Microsoft says it has uncovered and disabled the OneDrive infrastructure of a Lebanon-based threat actor targeting organizations in Israel.
Based on victimology and tool and techniques overlaps, the previously-undocumented group, which is tracked by the tech giant as Polonium, appears to be collaborating with adversaries affiliated with Iran’s Ministry of Intelligence and Security (MOIS).
According to Microsoft, such collaborations are not surprising, given that the government of Iran has been observed for roughly two years employing third parties to carry out its cyberoperations.
Over the past three months, Polonium has been observed conducting attacks against over 20 organizations based in Israel, as well as against one intergovernmental organization that operates in Lebanon.
Targeted sectors include critical manufacturing, defense industrial base, food and agriculture, financial systems, government agencies, healthcare and public health, IT, transportation systems, and more.
In one case, Polonium compromised a cloud services provider and used it in a supply chain attack against an aviation company and a law firm. Furthermore, many of the targeted critical manufacturing firms work with Israel’s defense industry, Microsoft says.
The tech giant has observed the threat actor creating and using OneDrive accounts for command and control (C&C) in its attacks, and says that Polonium has been deploying custom implants that abuse cloud services such as OneDrive and Dropbox.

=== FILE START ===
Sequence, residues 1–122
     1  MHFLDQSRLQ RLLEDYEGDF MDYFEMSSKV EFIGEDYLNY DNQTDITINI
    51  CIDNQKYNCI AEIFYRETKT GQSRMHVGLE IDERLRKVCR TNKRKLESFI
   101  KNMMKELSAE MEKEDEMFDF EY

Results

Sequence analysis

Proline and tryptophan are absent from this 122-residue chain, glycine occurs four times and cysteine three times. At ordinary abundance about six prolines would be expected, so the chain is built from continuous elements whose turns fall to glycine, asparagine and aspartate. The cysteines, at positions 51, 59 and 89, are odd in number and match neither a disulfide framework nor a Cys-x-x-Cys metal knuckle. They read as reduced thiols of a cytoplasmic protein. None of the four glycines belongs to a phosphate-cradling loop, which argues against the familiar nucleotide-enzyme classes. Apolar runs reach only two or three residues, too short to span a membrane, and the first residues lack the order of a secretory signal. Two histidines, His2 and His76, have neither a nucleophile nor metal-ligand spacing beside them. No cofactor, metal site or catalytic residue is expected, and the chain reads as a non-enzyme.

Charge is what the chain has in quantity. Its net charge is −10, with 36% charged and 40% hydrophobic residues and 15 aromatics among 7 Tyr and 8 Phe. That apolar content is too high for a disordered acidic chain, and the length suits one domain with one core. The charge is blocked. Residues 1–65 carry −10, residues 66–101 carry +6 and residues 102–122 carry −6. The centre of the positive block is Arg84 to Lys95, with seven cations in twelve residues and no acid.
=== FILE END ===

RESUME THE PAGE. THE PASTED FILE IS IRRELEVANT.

Microsoft also explains that the threat actor did not store malware on the identified OneDrive accounts, and that the observed implants would interact with the service the same way legitimate applications do.
Dubbed CreepyDrive, one of the observed implants supports file upload and download but does not feature a persistence mechanism. However, its logic is “wrapped in a while true loop, ensuring continuous execution of the implant,” Microsoft says.
The implant does not feature a victim identifier either, which suggests that the threat actor may employ a different OneDrive account as C&C for each victim.
Polonium has also been observed using a custom PowerShell implant dubbed CreepySnail, as well as a common SSH tool that supports interactive sign-ins.
Microsoft says that, while it has yet to identify the initial infection vector employed by Polonium, most of the identified victims were running Fortinet appliances, which suggests that the threat actor might have exploited the CVE-2018-13379 vulnerability for compromise.
Potential collaboration with Iran-based threat actors, Microsoft says, is suggested by victim overlaps (including the targeting of MuddyWater victims) – the uniqueness of victims suggests MOIS may have provided Polonium with access to compromised networks –, the use of OneDrive as C&C (similar to Lyceum), and the use of AirVPN for operational activity (also employed by CopyKittens).
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